2. Because of the unsaved. Another important point to remember is that people who do not yet know Christ will come to know Christ because of the Spirit drawing them to Him, not because of our brilliant presentations. However, they are evaluating our presentations. If we claim that the Bible was given by inspiration of God, but then proceed to read it carelessly, or elevate our own “codebreaking genius” above a text we claim was given to us by God, then we should not be surprised if some do not take the gospel seriously and view us as being duped by an unthinking religion. When the Bible plays a secondary role to our communicative sophistication (or our sloppiness), those who are trying to evaluate the claims of Christ may be led to feel that it can’t be worth much if we appear to not take God’s revelation seriously. Let’s handle the Bible well because those who don’t know Christ are watching us.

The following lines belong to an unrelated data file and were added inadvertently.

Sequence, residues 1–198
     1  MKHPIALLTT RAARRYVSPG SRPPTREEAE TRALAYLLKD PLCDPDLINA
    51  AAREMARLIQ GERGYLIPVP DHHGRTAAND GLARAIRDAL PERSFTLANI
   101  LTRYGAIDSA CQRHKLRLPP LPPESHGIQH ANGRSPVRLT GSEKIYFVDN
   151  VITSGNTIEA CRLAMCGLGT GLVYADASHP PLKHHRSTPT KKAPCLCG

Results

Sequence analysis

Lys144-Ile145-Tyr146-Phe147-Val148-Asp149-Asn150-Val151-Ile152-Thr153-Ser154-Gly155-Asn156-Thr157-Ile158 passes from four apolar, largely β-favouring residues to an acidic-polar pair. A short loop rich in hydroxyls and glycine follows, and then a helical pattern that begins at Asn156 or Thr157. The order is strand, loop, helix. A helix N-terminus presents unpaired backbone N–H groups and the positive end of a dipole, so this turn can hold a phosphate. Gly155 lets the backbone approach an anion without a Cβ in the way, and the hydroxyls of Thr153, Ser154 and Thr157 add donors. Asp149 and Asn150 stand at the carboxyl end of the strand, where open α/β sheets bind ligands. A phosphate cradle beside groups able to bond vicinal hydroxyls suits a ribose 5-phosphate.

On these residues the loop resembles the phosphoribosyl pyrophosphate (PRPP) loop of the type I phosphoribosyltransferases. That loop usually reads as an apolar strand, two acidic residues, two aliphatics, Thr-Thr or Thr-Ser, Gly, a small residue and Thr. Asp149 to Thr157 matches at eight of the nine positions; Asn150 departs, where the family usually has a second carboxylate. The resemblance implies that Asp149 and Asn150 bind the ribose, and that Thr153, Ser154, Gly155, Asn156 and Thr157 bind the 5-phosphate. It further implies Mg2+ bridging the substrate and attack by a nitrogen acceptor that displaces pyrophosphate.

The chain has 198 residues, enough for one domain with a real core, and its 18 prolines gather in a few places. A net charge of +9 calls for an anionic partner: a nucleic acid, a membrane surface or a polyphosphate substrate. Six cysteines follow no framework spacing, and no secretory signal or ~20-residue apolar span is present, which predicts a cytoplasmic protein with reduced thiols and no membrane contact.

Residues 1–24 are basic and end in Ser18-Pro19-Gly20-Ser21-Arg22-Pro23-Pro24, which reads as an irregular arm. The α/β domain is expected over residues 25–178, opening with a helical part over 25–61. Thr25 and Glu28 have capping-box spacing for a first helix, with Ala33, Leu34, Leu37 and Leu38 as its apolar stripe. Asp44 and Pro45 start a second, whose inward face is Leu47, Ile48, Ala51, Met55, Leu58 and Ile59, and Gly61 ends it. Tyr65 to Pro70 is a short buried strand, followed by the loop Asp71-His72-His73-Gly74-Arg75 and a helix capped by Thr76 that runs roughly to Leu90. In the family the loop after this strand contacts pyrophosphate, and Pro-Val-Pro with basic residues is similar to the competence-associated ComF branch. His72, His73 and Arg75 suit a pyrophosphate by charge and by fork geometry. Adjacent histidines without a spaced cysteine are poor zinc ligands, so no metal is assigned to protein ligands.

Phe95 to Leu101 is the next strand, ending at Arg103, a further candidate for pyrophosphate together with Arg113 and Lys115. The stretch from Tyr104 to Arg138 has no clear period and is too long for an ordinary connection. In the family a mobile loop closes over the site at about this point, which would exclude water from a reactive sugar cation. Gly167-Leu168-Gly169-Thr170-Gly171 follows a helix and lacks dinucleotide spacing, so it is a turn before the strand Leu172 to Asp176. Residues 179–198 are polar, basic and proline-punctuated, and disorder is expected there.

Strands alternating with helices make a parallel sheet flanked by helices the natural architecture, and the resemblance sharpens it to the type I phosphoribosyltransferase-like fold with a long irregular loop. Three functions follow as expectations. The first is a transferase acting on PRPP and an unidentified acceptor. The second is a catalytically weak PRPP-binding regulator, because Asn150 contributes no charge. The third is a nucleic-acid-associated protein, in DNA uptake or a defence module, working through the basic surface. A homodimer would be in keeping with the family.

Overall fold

3. Because of believers. Periodically I get to go to the doctor’s office and see the medical expert in action. I might get seven minutes, and I cannot see the screen they spend so much time looking at. I don’t learn much. Periodically I take my car to the mechanic and I might stick around and watch an expert in action. I might get to spend a little time, but I typically won’t see much. I don’t learn much. But every week I sit in a church and watch a Bible expert in action. I might get half an hour, or even more. Sadly, in many cases I would not learn much that would help me handle the Bible well. When we handle the Bible before people, they are looking to our example as well as our message. How we handle the Bible will make a mark on them. Are we setting a good example of observing the passage closely, interpreting accurately, and applying appropriately? Are we demonstrating an attitude to the Bible, and an approach to handling the Bible, that we are happy for our listeners to copy all week long? Let’s handle the Bible well because those who think we know what we are doing are watching us.